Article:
In their famous article on the right of privacy, Warren and Brandeis noted that the common law protection of the right of privacy in the home was far more highly developed than the protection given to individual privacy in other respects. "The common law has always recognized a man's house as his castle, impregnable, often, even to its own officers engaged in the execution of its commands." The common law impregnability has met perhaps its stiffest test when those attacking it have sought constitutional protection. The recent decision of the Supreme Court in the case of Breard v. City of Alexandria, La., represents a victory for the forces of impregnability. Breard, a regional representative of a large inter-state magazine subscription agency was convicted of violating an ordinance which prohibited "the going in and upon private residences in the City of Alexandria, Louisiana by solicitors, peddlers, hawkers . . . not having been requested or invited so to do by the owner . . . of said private residences." Breard attacked the ordinance on the grounds that it was contrary to the commerce clause, and that it violated the due process clause of the Fourteenth Amendment. The Supreme Court affirmed the decision of the Supreme Court of Louisiana affirming Breard's conviction. Justice Reed delivered the majority opinion. Chief Justice Vinson dissented on the commerce clause question, and Justice Black dissented on the ground that the due process clause was violated by denial of freedom of expression. Justice Douglas joined in both dissents. This comment will examine the grounds of attack.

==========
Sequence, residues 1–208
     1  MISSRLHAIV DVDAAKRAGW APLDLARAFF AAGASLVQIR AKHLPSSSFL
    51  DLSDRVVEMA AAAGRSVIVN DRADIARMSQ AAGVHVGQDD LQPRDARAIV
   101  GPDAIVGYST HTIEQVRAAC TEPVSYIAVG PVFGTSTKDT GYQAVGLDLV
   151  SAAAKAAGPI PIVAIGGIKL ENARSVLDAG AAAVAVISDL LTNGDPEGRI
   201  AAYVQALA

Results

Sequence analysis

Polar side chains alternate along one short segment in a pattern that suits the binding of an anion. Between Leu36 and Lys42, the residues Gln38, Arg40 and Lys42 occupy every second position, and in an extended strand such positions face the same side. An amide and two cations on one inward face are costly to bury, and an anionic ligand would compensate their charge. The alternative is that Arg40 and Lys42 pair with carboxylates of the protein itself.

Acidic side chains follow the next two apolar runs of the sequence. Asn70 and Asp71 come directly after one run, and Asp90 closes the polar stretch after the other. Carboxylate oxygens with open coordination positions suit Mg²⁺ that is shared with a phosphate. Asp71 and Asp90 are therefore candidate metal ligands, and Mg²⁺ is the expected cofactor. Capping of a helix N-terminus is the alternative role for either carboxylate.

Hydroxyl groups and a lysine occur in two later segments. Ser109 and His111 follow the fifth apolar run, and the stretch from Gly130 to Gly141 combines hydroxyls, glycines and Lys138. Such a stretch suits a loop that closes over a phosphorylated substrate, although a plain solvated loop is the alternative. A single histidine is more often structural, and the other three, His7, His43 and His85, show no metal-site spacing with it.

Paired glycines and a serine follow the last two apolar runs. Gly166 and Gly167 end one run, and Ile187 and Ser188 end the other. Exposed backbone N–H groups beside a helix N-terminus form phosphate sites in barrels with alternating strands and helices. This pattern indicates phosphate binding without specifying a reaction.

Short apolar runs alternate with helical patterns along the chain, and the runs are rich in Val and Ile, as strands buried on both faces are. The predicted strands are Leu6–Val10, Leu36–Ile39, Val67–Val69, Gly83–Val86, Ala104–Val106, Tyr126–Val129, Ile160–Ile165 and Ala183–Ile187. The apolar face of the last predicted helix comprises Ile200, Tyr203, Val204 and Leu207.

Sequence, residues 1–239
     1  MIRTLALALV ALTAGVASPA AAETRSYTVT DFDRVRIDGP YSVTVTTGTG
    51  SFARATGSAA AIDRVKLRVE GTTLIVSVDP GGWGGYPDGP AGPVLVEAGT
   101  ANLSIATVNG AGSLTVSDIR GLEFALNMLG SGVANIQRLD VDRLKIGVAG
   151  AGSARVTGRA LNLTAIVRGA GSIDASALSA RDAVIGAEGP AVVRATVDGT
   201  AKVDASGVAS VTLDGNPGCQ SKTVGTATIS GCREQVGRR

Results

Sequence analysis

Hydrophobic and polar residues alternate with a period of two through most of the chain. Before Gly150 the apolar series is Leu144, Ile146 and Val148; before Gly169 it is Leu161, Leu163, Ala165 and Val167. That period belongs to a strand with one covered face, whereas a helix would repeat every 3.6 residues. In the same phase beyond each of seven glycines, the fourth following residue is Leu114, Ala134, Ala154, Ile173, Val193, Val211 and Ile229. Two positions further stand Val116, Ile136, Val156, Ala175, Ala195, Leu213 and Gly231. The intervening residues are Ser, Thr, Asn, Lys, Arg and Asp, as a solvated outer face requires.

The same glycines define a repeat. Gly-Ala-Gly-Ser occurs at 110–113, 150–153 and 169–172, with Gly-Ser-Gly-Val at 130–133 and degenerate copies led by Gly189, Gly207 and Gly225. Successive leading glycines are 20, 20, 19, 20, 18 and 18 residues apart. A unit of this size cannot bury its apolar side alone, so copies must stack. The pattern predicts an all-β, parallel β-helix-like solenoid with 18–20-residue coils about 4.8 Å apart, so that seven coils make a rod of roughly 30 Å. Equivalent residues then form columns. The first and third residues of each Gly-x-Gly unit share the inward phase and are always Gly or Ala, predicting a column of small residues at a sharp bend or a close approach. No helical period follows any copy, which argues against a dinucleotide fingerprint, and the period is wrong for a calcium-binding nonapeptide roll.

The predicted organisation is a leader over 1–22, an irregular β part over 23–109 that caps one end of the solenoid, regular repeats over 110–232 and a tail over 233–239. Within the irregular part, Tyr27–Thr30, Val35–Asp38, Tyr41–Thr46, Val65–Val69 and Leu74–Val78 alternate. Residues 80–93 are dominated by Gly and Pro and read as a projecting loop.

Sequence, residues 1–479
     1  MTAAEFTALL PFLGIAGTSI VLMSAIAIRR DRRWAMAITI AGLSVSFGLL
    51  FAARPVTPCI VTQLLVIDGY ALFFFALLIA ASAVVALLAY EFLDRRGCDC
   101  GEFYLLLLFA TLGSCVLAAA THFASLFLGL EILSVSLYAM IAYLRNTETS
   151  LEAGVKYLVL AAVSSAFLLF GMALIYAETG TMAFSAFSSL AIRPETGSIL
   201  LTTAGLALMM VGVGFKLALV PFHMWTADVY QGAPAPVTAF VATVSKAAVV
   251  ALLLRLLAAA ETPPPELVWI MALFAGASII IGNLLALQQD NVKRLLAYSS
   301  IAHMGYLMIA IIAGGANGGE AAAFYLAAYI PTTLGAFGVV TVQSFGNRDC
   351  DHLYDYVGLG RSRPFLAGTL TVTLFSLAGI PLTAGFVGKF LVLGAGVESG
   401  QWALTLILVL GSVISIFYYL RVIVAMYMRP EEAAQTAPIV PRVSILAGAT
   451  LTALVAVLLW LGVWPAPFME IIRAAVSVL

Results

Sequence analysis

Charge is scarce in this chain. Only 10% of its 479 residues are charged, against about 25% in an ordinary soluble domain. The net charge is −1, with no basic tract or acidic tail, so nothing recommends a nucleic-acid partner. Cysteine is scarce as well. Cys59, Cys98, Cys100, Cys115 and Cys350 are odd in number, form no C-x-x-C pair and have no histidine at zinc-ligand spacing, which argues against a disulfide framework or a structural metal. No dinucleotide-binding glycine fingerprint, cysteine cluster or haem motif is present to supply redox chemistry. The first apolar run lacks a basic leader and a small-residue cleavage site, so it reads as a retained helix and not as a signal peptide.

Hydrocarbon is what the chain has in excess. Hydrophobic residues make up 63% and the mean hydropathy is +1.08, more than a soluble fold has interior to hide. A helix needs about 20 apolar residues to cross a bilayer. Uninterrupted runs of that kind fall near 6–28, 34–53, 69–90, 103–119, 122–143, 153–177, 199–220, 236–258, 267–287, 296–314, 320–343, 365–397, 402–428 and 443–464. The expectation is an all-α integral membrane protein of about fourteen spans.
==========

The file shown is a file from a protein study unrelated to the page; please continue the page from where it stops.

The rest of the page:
C. E. Lombardi, Jr. S.Ed.,
CONSTITUTIONAL LAW-DUE PROCESS-FREEDOM OF EXPRESSION- COMMERCE CLAUSE-CLAUSE-"GREEN RIVER" ORDINANCE AS APPLIED TO DOOR TO DOOR SOLICITATION FOR MAGAZINE SUBSCRIPTIONS,
Mich. L. Rev.
Available at: https://repository.law.umich.edu/mlr/vol50/iss4/6